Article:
Wednesday, August 11, 2010

Blog the Ninth: What is autism?

So.  Let's get down to the nitty-gritty.  What is autism?

Well, there's the dictionary definition:

Autism is a disorder of neural development characterized by impaired social interaction and communication, and by restricted and repetitive behavior. Autism affects information processing in the brain by altering how nerve cells and their synapses connect and organize; how this occurs is not well understood. 

Hmm. Maybe it's better to say what autism isn't.

It's not just an eccentric little social quirk that makes people shy and hesitant and good at counting and memorizing numbers, which is useful for stuff like gambling or encryption. Like Dustin Hoffman in Rain Main, or what's-his-face in A Beautiful Mind.














Also, it's not - as an ignorant Christian once asked me - signs of demon possession.

NOT all autistic children are savants skilled in music, art, and...puzzles, like the one equally ignorant church nursery worker once implied when she told us after Zack's bad day in nursery, "Oh, we worked with an autistic girl once.  She was lovely.  She loved puzzles." A slight, disapproving frown.  "We tried puzzles with him.  It didn't work."

And,  the one autistic savant artist I know - who's had a standing contract with Hallmark since the age of six - may die before twenty because of his severe seizure disorder, which often develops later in an autistic child's life.

Here's autism as defined by me.  We're all born with the ability to "read the world" we're raised in.  To varying degrees, children without autism eventually "read" and understand social cues, disciplinary measures, do's and don'ts, pick up language - repetitively at first - but eventually synthesize what words and phrases they learn and mold them for their own uses, develop a personality based on the unique character traits given to them at birth.

Children without autism eventually - at different paces - learn how to play, make choices, communicate their wants and needs, express affection and most importantly, learn how to deal with their emotions and feelings, how to appropriately express and regulate them.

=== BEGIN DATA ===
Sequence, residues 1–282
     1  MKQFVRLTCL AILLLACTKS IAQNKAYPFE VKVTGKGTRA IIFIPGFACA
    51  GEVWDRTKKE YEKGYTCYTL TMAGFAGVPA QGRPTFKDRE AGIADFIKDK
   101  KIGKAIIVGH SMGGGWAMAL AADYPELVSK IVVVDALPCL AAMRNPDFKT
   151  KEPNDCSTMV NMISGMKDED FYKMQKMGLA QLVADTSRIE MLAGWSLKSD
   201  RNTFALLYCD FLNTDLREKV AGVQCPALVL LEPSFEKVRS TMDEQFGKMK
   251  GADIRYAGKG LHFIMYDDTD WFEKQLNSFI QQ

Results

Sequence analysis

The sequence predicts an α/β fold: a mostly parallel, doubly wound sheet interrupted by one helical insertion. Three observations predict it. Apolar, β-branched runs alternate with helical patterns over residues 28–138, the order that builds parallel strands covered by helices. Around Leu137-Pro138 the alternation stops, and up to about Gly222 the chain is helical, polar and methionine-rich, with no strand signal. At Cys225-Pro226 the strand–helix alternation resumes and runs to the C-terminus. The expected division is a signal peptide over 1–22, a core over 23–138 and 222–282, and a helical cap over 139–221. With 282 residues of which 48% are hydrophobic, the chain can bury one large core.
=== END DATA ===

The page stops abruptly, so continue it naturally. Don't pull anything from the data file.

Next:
Now imagine a child that:

1. is born unable to read or make sense of the world in the way everyone else does.  I don't mean someone who is just "unique".  I mean, imagine we're all born with a "humanity primer" in our heads, and they aren't.

2. has a "block" that interferes with their communication.  For some cases, it's very mild to moderate - hence, the "Rain Man" types.  Makes them quirky, eccentric loners. 

For others, its severe - no verbal ability or very limited abilities.  This relates to both "receptive" communication and "initiative" communication.  They cannot communicate with the outside world - initiate - and because they cannot receive communication from the outside world, they do not learn, grow, or understand the outside world's rules.    

3. has no emotional control.  Because they can't initiate communication - or have problems doing so - they can't express their wants, fears, hurts, or needs.  This leads to extreme frustration.  Maybe depression.  Uncontrollable rages.  Which leads to self-injurious behaviors like head slapping, banging their heads on the floor.  Biting.  And, of course, because they can't receive communication...how can they learn these behaviors are inappropriate, and even harmful to themselves?

* A note: some children, if caught soon enough, can eventually - albeit at a very slow pace - move past this.  Some NEVER will.  And, even those who do improve...will never live or see or understand the  SAME world we do.  Again.  This is not being "unique".